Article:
Further, institutions and physicians assume minimal financial risk for ensuring safe and effective care transitions. Aside from capitation, most payment approaches do not penalize providers for inappropriate discharges or transfers. An Office of Inspector General report determined that in 1996 and 1997, 34,500 hospital patients were discharged and readmitted on the same day, with accompanying payments of nearly $226 million (U.S. DHHS, 2000). However, within Medicare’s statutory framework, Conditions of Participation explicitly include requirements concerning continuity of care and discharge planning for hospitals, home health agencies, rehabilitation and skilled nursing facilities. For hospitals, the Joint Committee on Accreditation of Healthcare Organizations (JCAHO) has deemed status from the Centers for Medicare and Medicaid Services (CMS) to provide oversight for these Conditions of Participation. In 2002, more than 90 percent of all hospitals nationwide received the highest score of 5/5 (i.e., “substantial compliance”) for these accreditations items. As will be discussed further in the next section, these findings are in sharp contrast to the growing evidence base that demonstrates there are serious quality problems in transitional care. Equally important, from a measurement standpoint, such high ratings for these items may indicate the need for revision.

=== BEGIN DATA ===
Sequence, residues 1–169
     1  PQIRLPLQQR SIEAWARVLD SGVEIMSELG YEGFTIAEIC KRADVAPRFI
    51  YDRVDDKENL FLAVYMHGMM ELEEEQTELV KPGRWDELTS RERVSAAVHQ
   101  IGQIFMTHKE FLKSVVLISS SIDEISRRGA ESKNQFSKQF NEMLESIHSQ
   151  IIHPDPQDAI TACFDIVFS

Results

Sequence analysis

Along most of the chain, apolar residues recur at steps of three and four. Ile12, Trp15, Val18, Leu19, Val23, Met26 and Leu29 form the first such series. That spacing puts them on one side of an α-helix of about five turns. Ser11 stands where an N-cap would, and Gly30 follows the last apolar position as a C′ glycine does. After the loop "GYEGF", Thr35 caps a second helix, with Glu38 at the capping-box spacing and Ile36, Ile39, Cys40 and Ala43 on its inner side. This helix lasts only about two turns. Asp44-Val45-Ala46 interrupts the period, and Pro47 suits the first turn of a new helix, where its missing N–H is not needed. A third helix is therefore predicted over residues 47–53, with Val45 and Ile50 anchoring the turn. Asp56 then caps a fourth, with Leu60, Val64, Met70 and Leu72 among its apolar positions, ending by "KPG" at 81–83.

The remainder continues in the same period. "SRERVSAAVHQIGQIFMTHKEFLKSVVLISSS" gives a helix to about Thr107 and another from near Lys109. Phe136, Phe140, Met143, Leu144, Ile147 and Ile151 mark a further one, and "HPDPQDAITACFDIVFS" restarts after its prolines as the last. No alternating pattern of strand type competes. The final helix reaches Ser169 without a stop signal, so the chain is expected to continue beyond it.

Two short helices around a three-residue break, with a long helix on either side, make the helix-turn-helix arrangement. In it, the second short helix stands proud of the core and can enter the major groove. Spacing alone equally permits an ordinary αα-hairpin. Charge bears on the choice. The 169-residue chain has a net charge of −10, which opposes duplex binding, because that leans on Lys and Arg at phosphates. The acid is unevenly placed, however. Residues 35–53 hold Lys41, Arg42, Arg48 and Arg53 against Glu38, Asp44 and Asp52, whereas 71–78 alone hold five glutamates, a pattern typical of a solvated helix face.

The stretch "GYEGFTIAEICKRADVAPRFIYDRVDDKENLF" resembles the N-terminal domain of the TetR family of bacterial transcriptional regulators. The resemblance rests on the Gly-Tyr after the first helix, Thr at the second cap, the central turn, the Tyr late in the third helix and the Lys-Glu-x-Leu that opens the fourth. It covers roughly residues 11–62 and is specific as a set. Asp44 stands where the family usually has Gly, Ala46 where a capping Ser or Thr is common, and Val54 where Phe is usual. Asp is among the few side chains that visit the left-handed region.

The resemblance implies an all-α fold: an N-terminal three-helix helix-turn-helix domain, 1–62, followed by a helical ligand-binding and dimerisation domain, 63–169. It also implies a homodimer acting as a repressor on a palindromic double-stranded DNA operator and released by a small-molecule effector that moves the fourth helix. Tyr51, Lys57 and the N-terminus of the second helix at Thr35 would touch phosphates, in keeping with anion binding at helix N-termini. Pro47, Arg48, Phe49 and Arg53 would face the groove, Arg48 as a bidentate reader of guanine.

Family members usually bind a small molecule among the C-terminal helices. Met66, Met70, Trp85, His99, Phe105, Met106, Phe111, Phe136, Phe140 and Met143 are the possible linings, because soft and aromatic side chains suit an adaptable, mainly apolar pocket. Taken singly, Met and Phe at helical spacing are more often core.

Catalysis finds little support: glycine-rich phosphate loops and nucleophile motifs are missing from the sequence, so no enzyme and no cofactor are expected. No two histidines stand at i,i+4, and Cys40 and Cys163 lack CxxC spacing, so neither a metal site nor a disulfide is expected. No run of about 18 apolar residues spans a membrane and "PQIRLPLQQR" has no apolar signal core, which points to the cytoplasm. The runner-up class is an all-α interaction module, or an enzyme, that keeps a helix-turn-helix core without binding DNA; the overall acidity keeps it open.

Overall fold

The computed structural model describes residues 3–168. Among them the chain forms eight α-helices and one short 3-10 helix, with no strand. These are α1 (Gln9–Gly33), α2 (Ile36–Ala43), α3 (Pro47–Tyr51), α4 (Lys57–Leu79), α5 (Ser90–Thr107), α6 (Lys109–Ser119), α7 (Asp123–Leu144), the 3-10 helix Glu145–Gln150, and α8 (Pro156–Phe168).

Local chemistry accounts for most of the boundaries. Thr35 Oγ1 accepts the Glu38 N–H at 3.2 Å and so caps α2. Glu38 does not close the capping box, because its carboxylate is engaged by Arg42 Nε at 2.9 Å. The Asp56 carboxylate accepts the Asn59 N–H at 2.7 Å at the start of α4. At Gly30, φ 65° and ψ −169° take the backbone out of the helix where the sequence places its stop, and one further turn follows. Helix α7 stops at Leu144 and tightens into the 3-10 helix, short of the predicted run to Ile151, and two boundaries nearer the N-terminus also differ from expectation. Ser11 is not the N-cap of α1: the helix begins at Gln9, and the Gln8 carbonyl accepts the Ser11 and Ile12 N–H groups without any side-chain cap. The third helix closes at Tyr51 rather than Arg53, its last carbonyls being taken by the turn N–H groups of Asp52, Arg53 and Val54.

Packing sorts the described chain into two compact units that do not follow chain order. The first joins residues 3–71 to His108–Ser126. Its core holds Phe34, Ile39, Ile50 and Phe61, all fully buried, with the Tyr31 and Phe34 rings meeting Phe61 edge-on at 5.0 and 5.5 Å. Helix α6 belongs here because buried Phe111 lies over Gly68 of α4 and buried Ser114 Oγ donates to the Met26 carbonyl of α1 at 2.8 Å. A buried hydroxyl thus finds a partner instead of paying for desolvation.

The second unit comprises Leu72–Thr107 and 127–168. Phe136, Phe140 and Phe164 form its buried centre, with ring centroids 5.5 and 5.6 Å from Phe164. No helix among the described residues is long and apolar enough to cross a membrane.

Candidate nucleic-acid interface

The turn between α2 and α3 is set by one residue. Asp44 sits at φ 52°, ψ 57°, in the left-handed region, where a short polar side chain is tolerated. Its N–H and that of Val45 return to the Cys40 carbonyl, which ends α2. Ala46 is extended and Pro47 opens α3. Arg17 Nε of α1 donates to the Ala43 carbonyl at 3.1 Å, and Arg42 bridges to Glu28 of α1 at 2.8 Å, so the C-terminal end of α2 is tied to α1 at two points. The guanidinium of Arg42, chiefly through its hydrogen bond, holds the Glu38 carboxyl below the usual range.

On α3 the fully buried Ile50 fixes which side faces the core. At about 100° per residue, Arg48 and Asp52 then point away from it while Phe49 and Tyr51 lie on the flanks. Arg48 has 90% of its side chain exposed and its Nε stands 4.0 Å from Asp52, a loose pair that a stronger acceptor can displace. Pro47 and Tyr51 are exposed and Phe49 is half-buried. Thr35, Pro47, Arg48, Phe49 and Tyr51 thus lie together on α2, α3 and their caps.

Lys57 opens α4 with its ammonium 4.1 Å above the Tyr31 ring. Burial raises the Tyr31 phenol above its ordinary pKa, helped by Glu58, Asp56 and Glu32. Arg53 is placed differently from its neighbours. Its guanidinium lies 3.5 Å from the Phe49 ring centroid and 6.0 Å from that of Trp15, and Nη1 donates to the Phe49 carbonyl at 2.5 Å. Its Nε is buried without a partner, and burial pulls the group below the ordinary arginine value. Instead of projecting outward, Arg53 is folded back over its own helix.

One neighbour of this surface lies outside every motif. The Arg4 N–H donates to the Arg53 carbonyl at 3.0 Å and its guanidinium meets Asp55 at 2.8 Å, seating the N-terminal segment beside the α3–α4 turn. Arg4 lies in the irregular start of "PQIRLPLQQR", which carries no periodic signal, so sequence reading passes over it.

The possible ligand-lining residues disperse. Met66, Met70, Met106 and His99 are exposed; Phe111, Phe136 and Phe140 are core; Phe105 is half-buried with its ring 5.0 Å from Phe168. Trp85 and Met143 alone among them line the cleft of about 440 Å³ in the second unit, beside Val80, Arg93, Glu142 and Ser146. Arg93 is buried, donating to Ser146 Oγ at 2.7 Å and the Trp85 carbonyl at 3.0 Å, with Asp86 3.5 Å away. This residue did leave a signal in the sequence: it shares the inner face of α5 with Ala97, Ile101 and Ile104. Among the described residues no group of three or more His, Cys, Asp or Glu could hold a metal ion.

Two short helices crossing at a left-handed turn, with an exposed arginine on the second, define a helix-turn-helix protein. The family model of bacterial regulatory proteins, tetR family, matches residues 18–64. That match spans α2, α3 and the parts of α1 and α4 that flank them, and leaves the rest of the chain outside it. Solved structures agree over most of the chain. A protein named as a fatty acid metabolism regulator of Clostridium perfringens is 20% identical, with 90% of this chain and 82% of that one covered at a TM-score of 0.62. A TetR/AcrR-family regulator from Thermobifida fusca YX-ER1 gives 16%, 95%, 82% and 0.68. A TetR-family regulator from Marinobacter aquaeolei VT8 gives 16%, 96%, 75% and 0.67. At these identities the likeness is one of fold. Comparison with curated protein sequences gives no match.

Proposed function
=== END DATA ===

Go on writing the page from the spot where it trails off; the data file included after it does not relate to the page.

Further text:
Our understanding of the health care utilization patterns and accompanying influence on health care expenditures for the population of persons with complex care needs is increasing. The Robert Wood Johnson Foundation-funded Partnership for Solutions poll provides important insights. For the 125 million persons with chronic conditions in this country, there is a strong relationship between the number of chronic conditions, the number of prescriptions filled, the rates of unnecessary hospitalization, and average per capital health care spending (Partnership for Solutions, 2002). Although

Suggested Citation:"Appendix I Commissioned Paper: Transitional Care Performance Measurement--Eric A. Coleman." Institute of Medicine. 2006. Performance Measurement: Accelerating Improvement. Washington, DC: The National Academies Press. doi: 10.17226/11517.
×

persons with 5 or more chronic conditions average 15 office visits and fill 50 prescriptions per year, they frequently do not receive adequate information regarding medication administration, illness management, and follow-up testing and procedures (Partnership for Solutions, 2002). Focusing on the Medicare beneficiary population, this poll revealed that beneficiaries with 2 or more chronic conditions see 7 different physicians per year, fill 20 prescriptions, and account for 95 percent of Medicare expenditures (Wolff et al., 2002). Within this subgroup, beneficiaries with 5 or more conditions account for two-thirds of Medicare spending.